Russia’s Last Romantic - Apollon Grigor’ev (1822-1864)

Author: Whittaker, Robert
Year:1999
Pages:540
ISBN:0-7734-7987-2
978-0-7734-7987-6
Price:299.95
This comprehensive biography brings together all available significant material on Grigor’ev’s life and times to provide a thorough, unified historical description and analysis of his criticism, poetry and prose. It is based on previously unknown material, on his major works presented in the context of his entire opus, and on a number of unpublished writings, principally his letters. Appended is a complete listing of his writings, including letters, and of works about him. Grigor’ev was the foremost conservative literary critic of his age and is considered by many to be the greatest Russian critic of the 19th century. His poetry and literary theory anticipated traits of the Russian symbolists, who held him in high regard.

Reviews

“Only a handful of scholarly publications and Ralph Matlaw’s translation of Grigor’ev’s My Literary and Moral Wanderings (1962) precede this comprehensive critical biography of the Russian critic and poet…. Whittaker traces Grigor’ev’s evolving reputation over the past century, and he summarizes in detail poems, reviews, literary theories, and endless arguments with other critics… Graduate students, researchers, faculty.” - CHOICE “Robert Whittaker tells us in his Foreword that he has worked on this book for 35 years: the result is indeed a monumental study, in fact the first in-depth monograph, on the prose-writer, poet and critic Apollon Grigor’ev, who was undervalued, if not despised, by subsequent realist and Socialist Realist critics…. Whittaker provides a chronological list of Grigor’ev’s published works containing 625 items…. a very impressive biography.” – Forum for Modern Language Studies (Oxford Academic Journals)

“Robert Whittaker tells us in his Foreword that he has worked on this book for 35 years: the result is indeed a monumental study, in fact the first in-depth monograph, on the prose-writer, poet and critic Apollon Grigor’ev, who was undervalued, if not despised, by subsequent realist and Socialist Realist critics…. Whittaker provides a chronological list of Grigor’ev’s published works containing 625 items…. a very impressive biography.” – Forum for Modern Language Studies (Oxford Academic Journals)

“Brought out in sharp relief are both unique personal traits as well as traits of the times, i.e. details of the historico-cultural atmosphere of the mid-nineteenth century, and sharp national traits, for Grigor’ev was a typical Russian. Those who surrounded Grigor’ev are well presented – his friends, the women whom he passionately loved, the world of writers and journals. R. Whittaker’s book will be interesting and useful for all who study Russian humane culture of the nineteenth century. It is a pleasure to see the book supplied with a robust reference apparatus: a comprehensive bibliography of Grigor’ev’s works and literature about him, and an index. I heartily recommend this work to the reader.” B. F. Egorov, St. Petersburg, Russia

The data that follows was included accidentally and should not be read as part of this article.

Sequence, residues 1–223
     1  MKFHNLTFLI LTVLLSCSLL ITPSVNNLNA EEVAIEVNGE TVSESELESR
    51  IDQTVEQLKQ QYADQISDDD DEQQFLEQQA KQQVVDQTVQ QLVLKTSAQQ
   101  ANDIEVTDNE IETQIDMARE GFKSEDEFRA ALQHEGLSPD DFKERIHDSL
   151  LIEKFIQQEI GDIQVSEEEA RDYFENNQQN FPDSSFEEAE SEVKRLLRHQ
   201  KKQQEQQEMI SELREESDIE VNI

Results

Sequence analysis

“In the last thirty years the legacy of Apollon Grigor’ev attracted much attention of the scholars. Robert Whittaker was a pioneer of these studies; he spent many years in the Russian archives and the libraries searching for the unpublished materials that would help to shed a new light . . . Today we see the result of this selfless labor – a first capital and fully documented biography of Apollon Grigor’ev that covers all available sources. The tragic destiny of ‘Russia’s last Romantic,’ as Grigor’ev called himself, is put in relief against the vast historical background, carefully recreated by the author. . . . The quest for historical and personal coherency, successfully attempted by the author . . . leads to the creation of continuity between the individual destiny and the development of Russia’s intellectual history in the second half of the nineteenth century. Robert Whittaker’s book is indispensable for all the scholars of Russian literature. The abundance of unpublished archival materials, the detailed analysis of the main intellectual discussions make it an important contribution to the studies of nineteenth-century Russian culture.” – Prof. Alexander Ospovat, University of California, Los Angeles

“Having devoted over three decades to the primary, first-hand research of Apollon Grigor’ev’s life and writings, the American scholar illustrates how this often misunderstood and generally unappreciated Russian man of letters stands as a mentor to the giants of Russian and world literature. Anyone interested in tracing down the roots of key ideas permeating The Diary of a Superfluous Man and Nest of Gentlefolk, War and Peace and Anna Karenina, Notes from Underground and The Brothers Karamazov should look to Robert Whittaker’s work – the first and still the only comprehensive book length treatment of one of the last genuine Russian romantics who in one way or another served as a catalyst for these great works. “- Prof. Dmitry Urnov, Nassau Community College

Table of Contents

Table of contents:
Foreword, Preface, Introduction
1. Childhood and the ”Skital’chestva”
2. The thirties: Moscow University
3. The poetry of egoism, mysticism and civic protest
4. The forties: criticism
5. The “young editors” of the Moskvitjanin
6. Moscow criticism
7. The Moscow lyrics
8. From Moscow to Petersburg via Italy
9. Petersburg “organicism”
10. Orenburg, Vremja, and pochvennichestvo
11. Jakor’ : an anchor
12. Fedor Dosteovskij and Èpoxa
13. After the last romantic: image and impact
Bibliography; Index